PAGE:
Traces of purportedly relinquished chemical weapons found in Syrian regime lab
search

Traces of purportedly relinquished chemical weapons found in Syrian regime lab

International inspectors find evidence that Sarin and VX nerve agents were placed in warheads as 'insurance policy' by Damascus regime

Investigators take samples from sand near a part of a missile that was suspected of carrying chemical agents, according to activists, in the countryside of Ain Terma, Syria, August 28, 2013. (AP/United Media Office of Arbeen, File)
Investigators take samples from sand near a part of a missile that was suspected of carrying chemical agents, according to activists, in the countryside of Ain Terma, Syria, August 28, 2013. (AP/United Media Office of Arbeen, File)

In a confidential report, the UN-backed Organization for the Prohibition of Chemical Weapons (OPCW) has found that Syria continues to manufacture chemical weapons, according to the journal Foreign Policy.

The 75-page report, seen by Foreign Policy, states that inspectors discovered traces of deadly toxins Sarin and VX in an underground laboratory known as Hafir 1.

In April 2016, the OPCW inspectors told The Hague that the samples they had collected at Hafir 1 “contain indicators of Sarin and VX nerve agents, which suggests that chemical weapons may have been produced and weaponized in this facility.”

Hafir 1 was never previously inspected by the OPCW. International powers involved in the Assad regime’s disarming itself of chemical weapons earlier in the country’s five-year civil war, including the US and Russia, had accepted Damascus’s claims that these facilities had never produced chemical weapons. But now it appears that the regime lied, not only producing the weapons at Hafir I, but even loading them into warheads.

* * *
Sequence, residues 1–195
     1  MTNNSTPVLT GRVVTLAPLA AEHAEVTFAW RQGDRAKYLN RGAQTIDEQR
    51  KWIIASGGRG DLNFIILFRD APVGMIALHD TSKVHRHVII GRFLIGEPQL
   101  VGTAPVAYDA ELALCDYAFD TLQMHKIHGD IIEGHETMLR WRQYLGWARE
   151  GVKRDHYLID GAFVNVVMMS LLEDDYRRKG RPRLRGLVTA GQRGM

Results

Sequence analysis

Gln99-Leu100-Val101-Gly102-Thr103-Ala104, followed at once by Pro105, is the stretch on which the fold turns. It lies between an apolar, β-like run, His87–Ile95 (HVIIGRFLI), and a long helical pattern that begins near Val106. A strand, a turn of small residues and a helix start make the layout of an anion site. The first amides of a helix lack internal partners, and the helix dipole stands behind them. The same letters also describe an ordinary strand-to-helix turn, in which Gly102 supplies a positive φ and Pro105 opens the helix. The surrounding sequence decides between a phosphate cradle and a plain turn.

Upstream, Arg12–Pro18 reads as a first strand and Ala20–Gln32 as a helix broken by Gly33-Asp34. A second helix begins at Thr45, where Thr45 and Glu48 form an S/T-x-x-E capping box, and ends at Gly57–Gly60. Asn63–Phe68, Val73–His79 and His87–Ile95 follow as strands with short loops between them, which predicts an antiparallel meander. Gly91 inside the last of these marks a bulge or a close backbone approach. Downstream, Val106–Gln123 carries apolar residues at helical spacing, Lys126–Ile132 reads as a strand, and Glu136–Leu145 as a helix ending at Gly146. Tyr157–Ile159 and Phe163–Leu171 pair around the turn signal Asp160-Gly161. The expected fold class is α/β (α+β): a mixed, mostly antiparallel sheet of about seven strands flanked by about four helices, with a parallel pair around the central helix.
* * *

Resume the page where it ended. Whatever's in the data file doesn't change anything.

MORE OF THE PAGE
Syrian President Bashar Assad, speaks during an interview with American network NBC News, in Damascus, Syria, and aired July 14, 2016. (SANA via AP)
Syrian President Bashar Assad, speaks during an interview with American network NBC News, in Damascus, Syria, and aired July 14, 2016. (SANA via AP)

According to the report, Damascus wanted to keep these warheads as an “insurance policy” against the rebels.

In the wake of the August 2013 Ghouta sarin gas attack, which may have killed upwards of 1,700 people in a Damascus suburb, Syria agreed join the Chemical Weapons Convention and allow the United Nations to destroy all of its chemical weapons.

Under the terms of a deal hammered out in September 2013 by US Secretary of State John Kerry and his Russian counterpart Sergey Lavrov, Syria finally admitted to possessing over 1,000 tons of chemical weapons after years of denials and agreed to hand over the whole stockpile for destruction.

The deal averted threatened US air strikes.

Under the agreement, Syria’s entire chemical arsenal had been due to be eliminated by June 30, 2014, and all chemical effluent removed by December 31, 2014.

By the end of 2014, US President Barack Obama said the elimination of Syria’s declared chemical weapons was completed. “Today we mark an important achievement in our ongoing effort to counter the spread of weapons of mass destruction by eliminating Syria’s declared chemical weapons stockpile,” he said in a written statement.

In January 2015 OPCW declared that all of Syria’s chemical weapons had been completely destroyed.

“One hundred percent has been destroyed,” Malik Ellahi, spokesman for the OPCW, told AFP.

But later that year, US intelligence agencies found evidence that Assad had not given up his entire chemical arsenal.

According to the report, Assad tucked away “caches of even deadlier nerve agents” than the materiel he relinquished.

OPCW has continued to find cases where chemical weapons may have been used and which require further investigation in attacks since then.

read more:
comments